The Language Justice Commission of the caravan is committed to making the caravan a bilingual space where everyone is comfortable speaking in the language of their choice so that we can all best express our truths, build strong connections, and build a stronger movement for peace with justice and dignity. The caravan would not be what it is, nor have the impact it does, without great English/Spanish interpretation.
Our interpretation team is led at all times by two experienced social justice interpreters who are generously donating their valuable professional services. Catalina Nieto will be with the caravan the entire time. For the first two weeks the second interpreter will be from the language justice collaborative Antena, and for week three from the CaracolInterpretersCooperative.
Indoor events will be done with simultaneous interpretation. Thanks to the generosity of Antena, we have two BabelBox transmitters and 150 receivers. Outdoor events will be interpreted consecutively from the stage.
We also have a team of volunteers in red vests and/or armbands who can do informal one on one consecutive interpreting in the crowd before and after to foster more interactions. Any of these volunteers can be approached for interpretation for the media and they will connect the press with the strongest available interpreter.
Interpreters are generously donating their services. We do however have travel and equipment costs to cover for interpreting and would very much appreciate dedicated support for this. You can simply put “for interpretation” in the memo line of checks to the caravan, or if donatingonlinehere, please follow up with an email to Kirsten [at] global exchange [dot] org letting her know to set aside those funds.
We would also, of course, very much appreciate the volunteer support and participation of experienced local interpreters. If you are interested or know interpreters who are, please be in touch with us as soon as possible by emailing Sara (Sara (at) Spanishforsocialchange <dot> com). Please also email Sara if you are a local organizer and would like to discuss interpretation arrangements.
We also ask you to support the interpreters who are donating their services to the caravan by hiring them in the future.
Our volunteer caravan interpreters are:
Catalina Nieto is generously donating her professional interpretation services for the entire month of the caravan. Catalina is a community organizer, popular educator, Spanish/English interpreter and artist. Since Catalina’s arrival to the United States from Colombia in 2000, she has organized with the immigrant rights and Latin American solidarity movements. Catalina works as a Spanish/English interpreter and as a multi-lingual justice trainer and popular educator. She has worked as the National Grassroots Organizer with the Latin American solidarity organization Witness for Peace, and as the Education Director with the Tennessee Immigrant and Refugee Rights Coalition. Catalina has also interned at the Highlander Center for Popular Education and at the Chicago ENLACE Partnership. Catalina graduated in 2011 with a M.A. in Social Justice and Intercultural Relations from SIT Graduate Institute. She holds a B.A. in Sociology and a B.A. in Communications, Media and Theater from Northeastern Illinois University.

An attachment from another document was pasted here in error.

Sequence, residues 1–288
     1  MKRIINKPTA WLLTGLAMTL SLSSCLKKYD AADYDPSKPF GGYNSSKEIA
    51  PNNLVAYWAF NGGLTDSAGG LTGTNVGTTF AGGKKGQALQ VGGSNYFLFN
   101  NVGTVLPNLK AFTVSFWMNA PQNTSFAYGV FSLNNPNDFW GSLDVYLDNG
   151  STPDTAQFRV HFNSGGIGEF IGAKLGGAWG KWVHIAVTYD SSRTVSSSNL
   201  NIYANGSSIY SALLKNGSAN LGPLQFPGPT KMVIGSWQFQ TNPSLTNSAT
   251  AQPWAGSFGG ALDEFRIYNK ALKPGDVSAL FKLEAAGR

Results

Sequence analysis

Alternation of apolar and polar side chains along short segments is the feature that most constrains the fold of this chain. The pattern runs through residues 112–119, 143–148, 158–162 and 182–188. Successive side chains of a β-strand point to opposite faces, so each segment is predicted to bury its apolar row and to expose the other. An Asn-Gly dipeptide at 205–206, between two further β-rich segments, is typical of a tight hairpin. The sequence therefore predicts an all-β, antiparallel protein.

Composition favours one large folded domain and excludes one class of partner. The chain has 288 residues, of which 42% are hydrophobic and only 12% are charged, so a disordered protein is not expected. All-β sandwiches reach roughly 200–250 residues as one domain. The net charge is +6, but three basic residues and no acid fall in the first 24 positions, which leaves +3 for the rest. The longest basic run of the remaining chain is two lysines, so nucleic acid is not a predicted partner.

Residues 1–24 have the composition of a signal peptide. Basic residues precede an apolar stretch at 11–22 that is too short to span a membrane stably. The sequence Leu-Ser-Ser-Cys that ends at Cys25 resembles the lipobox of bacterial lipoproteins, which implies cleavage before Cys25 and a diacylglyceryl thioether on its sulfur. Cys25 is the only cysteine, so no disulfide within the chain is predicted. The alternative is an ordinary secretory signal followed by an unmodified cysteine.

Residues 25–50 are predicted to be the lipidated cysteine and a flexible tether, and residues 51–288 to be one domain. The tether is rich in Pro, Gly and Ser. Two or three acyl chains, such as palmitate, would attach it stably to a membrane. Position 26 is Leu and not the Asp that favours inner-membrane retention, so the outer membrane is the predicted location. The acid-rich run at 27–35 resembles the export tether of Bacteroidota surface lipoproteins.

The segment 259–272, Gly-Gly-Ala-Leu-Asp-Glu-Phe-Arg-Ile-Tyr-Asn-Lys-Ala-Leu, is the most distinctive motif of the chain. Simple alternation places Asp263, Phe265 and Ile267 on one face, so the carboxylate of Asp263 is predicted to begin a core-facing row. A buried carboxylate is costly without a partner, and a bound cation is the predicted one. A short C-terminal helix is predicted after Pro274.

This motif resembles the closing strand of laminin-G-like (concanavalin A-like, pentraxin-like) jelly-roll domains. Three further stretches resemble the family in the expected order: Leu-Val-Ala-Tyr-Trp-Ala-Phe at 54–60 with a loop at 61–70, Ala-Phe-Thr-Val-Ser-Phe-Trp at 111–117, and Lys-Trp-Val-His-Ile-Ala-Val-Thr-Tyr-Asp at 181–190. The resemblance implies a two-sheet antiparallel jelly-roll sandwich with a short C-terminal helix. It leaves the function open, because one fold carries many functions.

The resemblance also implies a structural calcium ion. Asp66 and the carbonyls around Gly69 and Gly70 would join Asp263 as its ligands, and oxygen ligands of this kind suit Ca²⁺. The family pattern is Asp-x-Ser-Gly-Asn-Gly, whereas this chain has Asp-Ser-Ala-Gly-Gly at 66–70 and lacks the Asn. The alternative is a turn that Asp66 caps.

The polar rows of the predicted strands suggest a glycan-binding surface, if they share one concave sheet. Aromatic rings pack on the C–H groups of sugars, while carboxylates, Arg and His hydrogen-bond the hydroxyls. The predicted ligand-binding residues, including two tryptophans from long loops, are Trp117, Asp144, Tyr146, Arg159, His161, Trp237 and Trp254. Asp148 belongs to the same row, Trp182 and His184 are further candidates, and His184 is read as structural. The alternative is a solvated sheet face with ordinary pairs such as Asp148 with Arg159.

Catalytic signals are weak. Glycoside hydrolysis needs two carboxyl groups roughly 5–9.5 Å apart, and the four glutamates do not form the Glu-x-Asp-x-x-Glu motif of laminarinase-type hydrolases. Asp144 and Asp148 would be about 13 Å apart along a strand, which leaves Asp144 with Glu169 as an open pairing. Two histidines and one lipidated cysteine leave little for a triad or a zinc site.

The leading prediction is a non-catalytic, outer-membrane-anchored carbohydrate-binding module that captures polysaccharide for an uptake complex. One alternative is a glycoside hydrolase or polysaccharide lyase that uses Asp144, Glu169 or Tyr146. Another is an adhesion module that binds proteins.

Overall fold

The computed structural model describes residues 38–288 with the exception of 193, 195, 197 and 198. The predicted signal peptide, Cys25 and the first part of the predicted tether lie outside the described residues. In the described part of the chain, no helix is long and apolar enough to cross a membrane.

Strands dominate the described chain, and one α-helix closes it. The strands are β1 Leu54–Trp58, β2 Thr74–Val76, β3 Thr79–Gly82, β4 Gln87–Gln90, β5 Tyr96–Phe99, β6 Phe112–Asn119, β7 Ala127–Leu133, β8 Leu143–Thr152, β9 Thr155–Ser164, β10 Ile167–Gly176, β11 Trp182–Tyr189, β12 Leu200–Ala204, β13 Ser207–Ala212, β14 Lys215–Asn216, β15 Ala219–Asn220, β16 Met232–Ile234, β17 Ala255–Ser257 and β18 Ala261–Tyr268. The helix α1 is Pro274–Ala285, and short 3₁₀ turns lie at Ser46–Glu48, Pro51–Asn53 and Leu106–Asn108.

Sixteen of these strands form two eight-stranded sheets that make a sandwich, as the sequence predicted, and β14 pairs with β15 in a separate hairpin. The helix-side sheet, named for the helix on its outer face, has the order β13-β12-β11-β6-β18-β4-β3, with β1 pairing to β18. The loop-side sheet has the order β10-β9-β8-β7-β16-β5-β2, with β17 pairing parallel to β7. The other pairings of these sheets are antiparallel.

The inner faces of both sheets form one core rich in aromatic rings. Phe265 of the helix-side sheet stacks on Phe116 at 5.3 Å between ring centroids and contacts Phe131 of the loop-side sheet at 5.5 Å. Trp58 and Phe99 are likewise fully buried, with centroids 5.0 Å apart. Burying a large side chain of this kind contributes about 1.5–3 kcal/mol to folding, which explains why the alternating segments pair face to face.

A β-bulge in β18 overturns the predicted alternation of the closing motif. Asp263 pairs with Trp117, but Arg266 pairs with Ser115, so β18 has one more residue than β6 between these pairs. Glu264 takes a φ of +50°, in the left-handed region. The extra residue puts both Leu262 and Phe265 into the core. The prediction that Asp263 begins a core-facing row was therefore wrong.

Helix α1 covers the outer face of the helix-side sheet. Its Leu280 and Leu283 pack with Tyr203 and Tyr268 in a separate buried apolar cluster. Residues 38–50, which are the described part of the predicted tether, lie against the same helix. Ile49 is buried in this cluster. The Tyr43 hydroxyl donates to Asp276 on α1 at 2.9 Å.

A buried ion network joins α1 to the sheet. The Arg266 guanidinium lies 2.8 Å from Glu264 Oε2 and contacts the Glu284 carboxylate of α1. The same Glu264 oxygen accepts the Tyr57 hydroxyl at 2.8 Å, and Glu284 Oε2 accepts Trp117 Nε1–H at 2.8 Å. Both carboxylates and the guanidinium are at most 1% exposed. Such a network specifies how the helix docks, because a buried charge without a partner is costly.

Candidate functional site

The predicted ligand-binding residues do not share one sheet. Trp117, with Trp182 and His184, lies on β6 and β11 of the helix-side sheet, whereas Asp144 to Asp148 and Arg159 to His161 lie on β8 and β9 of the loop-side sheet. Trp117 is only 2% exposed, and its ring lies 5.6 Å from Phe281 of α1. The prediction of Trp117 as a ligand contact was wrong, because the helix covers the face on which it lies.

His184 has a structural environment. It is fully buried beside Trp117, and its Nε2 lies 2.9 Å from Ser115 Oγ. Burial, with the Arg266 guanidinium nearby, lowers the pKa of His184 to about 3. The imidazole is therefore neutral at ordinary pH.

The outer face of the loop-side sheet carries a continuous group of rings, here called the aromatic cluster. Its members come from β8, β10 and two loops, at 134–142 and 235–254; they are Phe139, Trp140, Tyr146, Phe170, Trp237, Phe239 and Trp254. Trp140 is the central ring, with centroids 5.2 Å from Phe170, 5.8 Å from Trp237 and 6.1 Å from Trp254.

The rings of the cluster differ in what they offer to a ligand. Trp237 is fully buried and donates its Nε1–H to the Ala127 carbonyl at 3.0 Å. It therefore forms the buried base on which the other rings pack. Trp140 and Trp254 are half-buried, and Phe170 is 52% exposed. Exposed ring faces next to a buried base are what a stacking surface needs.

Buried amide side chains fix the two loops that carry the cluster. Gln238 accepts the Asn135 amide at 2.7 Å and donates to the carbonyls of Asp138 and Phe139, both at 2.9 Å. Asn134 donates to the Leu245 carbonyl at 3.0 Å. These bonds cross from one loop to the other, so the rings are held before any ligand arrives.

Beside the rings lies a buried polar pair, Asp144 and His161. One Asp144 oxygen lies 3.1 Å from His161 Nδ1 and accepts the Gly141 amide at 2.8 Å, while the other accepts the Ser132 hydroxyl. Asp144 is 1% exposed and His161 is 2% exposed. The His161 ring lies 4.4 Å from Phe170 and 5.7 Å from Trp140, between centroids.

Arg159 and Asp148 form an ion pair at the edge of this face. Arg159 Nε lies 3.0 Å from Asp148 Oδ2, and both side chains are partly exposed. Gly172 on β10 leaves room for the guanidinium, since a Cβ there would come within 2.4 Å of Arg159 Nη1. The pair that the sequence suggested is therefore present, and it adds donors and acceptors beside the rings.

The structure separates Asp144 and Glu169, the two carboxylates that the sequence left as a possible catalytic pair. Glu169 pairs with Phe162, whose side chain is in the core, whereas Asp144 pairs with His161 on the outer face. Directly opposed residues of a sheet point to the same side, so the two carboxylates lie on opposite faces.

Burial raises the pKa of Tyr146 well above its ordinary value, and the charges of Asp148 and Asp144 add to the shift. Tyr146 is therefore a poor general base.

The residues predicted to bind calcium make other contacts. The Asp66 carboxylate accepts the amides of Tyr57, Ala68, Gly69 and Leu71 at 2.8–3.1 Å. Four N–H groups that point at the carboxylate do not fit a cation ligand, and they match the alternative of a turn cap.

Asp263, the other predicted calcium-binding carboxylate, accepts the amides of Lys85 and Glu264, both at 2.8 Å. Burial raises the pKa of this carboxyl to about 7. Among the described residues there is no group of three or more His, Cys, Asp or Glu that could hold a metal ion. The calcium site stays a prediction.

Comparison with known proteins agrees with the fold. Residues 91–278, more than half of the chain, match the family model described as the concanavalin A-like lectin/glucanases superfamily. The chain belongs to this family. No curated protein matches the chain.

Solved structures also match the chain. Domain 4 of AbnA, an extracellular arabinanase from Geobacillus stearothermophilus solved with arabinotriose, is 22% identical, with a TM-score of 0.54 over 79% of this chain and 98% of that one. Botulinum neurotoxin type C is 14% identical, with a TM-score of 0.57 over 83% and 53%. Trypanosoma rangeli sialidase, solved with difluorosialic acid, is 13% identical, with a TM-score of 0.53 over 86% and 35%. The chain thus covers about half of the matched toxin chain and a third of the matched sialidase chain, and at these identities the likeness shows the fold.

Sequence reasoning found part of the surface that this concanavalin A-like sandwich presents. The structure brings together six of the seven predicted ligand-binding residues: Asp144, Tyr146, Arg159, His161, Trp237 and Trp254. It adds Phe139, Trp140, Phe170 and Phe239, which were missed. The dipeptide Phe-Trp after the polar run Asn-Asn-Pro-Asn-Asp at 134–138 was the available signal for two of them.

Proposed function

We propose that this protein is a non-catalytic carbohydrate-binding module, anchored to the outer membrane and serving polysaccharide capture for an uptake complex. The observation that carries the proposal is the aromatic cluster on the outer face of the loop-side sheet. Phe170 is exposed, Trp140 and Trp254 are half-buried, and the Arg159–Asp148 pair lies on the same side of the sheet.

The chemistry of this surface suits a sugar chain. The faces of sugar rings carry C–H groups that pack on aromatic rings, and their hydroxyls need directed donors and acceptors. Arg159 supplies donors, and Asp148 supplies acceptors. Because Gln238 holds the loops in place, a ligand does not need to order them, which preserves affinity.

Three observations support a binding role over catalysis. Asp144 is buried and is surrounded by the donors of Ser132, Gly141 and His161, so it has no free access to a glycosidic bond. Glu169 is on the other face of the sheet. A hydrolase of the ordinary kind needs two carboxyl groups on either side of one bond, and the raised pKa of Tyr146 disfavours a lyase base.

Recent Interpretation work done by Catalina:
Interpreter and interpretation team coordinator, National Domestic Worker Alliance Congress, Washington, DC
Co-trainer, Interpretation for Social Justice Popular Education Training, Durham, NC
Interpreter, Southeast Immigrants Rights Network Annual Conference, Raleigh, NC
Interpreter, Breaking Barriers, Building Power Training, Wayside Center for Popular Education, Faber, VA
Co-trainer, Interpretation for Social Justice Popular Education Training, Wayside Center for Popular Education, Faber, VA
Interpreter, The National Gay and Lesbian Taskforce Creating Change Conference, Baltimore, MD
Catalina’s Contact Information:
Antena, a language justice and language experimentation collaborative, is generously supporting the work of the Caravan by providing interpreting for the first two weeks of the caravan (Jen Hofer from Tijuana to Santa Fe, John Pluecker from Santa Fe to Houston), donating the use of their simultaneous interpreting equipment (two Babel Box transmitters and 150 receivers) for the entire month, and establishing systems and doing organizing work to make the entire caravan a bilingual space.